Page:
"Mental health nurse Joanne Davock said he had told her he was experiencing difficulties at work and was worried about the outcome of a tribunal."
"He also told her he was having suicidal thoughts.""She said: 'We felt that he was a low risk because he didn't have concrete plans and because he said his wife and daughter were a preventive factor'."
"He was offered further NHS support, but said he wanted to seek private help."
"Michael Hamlin, a colleague at the solicitors firm and friend said he had seemed agitated the last time he had seen him."
"He said: 'He became very agitated and worried, and was clearly under a lot of stress'."
Solicitor hung himself over stress
Exclusive Dean Kirby
A SOLICITOR who was stressed over pressures at work was found hanged in the stables of his home.
Iwan Hnylycia's body was found by his wife Orysia at their home in Lower Whitley, Warrington, just hours after he told his daughter: "Have a lovely day."
An inquest was told the 47-year-old had been stressed about work, hadn't slept for weeks and had told his doctor he'd had thoughts of self-harm.
Mrs Hnylycia, 47, told the inquest in Warrington he was 'beside himself with worry' about pressures at work.
She said she had been very worried about her husband, who was an employment specialist at Slater Heelis Collier Littler solicitors in Sale, after she found him in the stables with a rope days before she found his body on April 18.
She said his mother was also ill and he had been affected by the death of his father.
Mrs Hnylycia fought back tears as she told the inquest about the day he died.
She said: "He was the same as he had been all week. He hadn't slept for weeks.
"I had to leave him because I had to take my daughter to school. We got to school and my daughter always phoned him. He said, 'have a lovely day' and she said, 'okay, see you later'."
Mrs Hnylycia also spoke to him on the phone, but he seemed 'vacant'.
She went to a friend's house on the way home to tell her about her concerns.
When she arrived home she found the stable doors open.
She said: "I noticed the doors to the stable were slightly ajar. I just ran to the stables. Normally it would be locked."
After finding his body she ran into the house and dialled 999.
The inquest was told that notes were found in his pockets. Police investigated, but ruled out foul play. He had no history of depression.
Derbyshire-born Mr Hnylycia had earlier told his GP he'd had thoughts of self-harm, but said his wife and daughter were a 'preventive factor'.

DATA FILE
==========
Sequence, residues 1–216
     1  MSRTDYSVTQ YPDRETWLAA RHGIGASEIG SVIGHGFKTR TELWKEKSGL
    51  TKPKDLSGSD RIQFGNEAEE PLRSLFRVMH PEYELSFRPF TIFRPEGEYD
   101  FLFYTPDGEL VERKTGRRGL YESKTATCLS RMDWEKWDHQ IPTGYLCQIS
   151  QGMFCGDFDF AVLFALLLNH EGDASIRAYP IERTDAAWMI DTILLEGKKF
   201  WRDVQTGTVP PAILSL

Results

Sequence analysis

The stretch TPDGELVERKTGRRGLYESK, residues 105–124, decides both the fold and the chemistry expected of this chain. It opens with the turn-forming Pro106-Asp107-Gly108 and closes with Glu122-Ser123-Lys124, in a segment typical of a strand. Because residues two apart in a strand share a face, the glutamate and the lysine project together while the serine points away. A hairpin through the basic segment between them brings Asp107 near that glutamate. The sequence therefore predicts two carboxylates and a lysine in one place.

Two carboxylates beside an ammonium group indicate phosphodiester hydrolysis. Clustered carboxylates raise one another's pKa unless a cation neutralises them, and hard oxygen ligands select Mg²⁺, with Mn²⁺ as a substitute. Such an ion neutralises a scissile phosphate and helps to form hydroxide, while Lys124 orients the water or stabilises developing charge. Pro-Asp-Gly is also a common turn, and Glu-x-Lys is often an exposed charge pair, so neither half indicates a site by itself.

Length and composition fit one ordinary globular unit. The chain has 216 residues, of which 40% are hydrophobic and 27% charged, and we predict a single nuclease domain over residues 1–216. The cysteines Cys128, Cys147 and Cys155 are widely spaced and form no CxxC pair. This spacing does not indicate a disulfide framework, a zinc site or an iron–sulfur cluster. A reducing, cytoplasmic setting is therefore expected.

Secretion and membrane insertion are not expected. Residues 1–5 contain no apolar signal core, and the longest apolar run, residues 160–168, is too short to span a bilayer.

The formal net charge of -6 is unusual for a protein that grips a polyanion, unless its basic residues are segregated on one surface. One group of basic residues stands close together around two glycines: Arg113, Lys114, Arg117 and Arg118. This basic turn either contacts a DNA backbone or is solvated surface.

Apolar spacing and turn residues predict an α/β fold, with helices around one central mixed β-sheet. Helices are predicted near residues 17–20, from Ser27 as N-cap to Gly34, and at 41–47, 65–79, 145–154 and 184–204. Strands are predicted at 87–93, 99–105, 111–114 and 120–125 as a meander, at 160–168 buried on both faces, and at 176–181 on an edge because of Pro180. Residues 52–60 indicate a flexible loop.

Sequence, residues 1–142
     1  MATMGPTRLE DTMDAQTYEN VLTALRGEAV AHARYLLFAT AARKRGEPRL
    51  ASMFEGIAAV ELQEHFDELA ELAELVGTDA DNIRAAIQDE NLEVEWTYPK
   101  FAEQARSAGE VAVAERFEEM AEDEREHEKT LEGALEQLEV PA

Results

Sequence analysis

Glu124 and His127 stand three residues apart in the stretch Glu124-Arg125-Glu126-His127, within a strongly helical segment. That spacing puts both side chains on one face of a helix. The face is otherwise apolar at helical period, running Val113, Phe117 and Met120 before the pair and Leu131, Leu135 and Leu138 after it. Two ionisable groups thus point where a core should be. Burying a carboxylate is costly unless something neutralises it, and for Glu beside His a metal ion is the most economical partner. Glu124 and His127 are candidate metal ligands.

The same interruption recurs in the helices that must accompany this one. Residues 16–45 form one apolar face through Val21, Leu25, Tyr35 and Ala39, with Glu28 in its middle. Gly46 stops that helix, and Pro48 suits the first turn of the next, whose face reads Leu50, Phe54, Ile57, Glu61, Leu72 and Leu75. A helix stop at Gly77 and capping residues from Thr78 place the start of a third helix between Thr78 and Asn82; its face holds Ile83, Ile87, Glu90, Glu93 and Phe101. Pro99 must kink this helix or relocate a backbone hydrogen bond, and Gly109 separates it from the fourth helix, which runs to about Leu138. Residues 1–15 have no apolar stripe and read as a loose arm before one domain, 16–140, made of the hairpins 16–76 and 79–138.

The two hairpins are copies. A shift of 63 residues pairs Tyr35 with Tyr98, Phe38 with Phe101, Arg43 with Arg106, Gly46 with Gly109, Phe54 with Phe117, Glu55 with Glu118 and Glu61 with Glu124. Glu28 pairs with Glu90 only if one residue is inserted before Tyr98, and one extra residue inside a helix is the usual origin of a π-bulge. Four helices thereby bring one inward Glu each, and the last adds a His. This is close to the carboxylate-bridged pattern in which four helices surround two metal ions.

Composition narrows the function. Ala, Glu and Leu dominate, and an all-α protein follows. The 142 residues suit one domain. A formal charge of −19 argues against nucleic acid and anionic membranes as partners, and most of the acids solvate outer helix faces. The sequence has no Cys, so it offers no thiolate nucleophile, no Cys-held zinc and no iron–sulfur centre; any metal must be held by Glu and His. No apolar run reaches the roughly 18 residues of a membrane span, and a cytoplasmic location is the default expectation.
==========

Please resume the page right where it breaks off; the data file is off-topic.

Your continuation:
He said he had been 'under considerable stress' at work and was 'feeling in a low mood'.
Mr Hnylycia was prescribed medication and referred to a 'crisis team' for further help.
Mental health nurse Joanne Davock said he had told her he was experiencing difficulties at work and was worried about the outcome of a tribunal.
He also told her he was having suicidal thoughts.
She said: "We felt that he was a low risk because he didn't have concrete plans and because he said his wife and daughter were a preventive factor."
He was offered further NHS support, but said he wanted to seek private help.
Michael Hamlin, a colleague at the solicitors firm and friend said he had seemed agitated the last time he had seen him.
He said: "He became very agitated and worried, and was clearly under a lot of stress."
Coroner Nicholas Rheinberg's verdict was that Mr Hnylycia had taken his own life.
He said: "I've heard that he was acutely stressed with pressures relating to his work and had initially sought to get help.
"It was clear from the statement from his GP that there were very real concerns about his well-being and it was clear also that he had considered the possibility of taking his own life, although he had assured mental health professionals that he wouldn't take that step.
"His widow told us that, as the days went by, he became increasingly more anxious as he went about his day-to-day activities prior to April 18.
"I have no doubt that he intended to die. My verdict is that he took his own life."
Mr Hnylycia's profile in a company newsletter said he obtained an honours degree in business studies at Manchester Polytechnic in 1987 while he was working in the Department of Health and Social Security.
He joined Slater Heelis in 1989 after a career change.
He was a member of the Association of Ukrainians in Great Britain and a member of a Ukrainian folk group called The Kobzar Brotherhood, which performs throughout the country and abroad.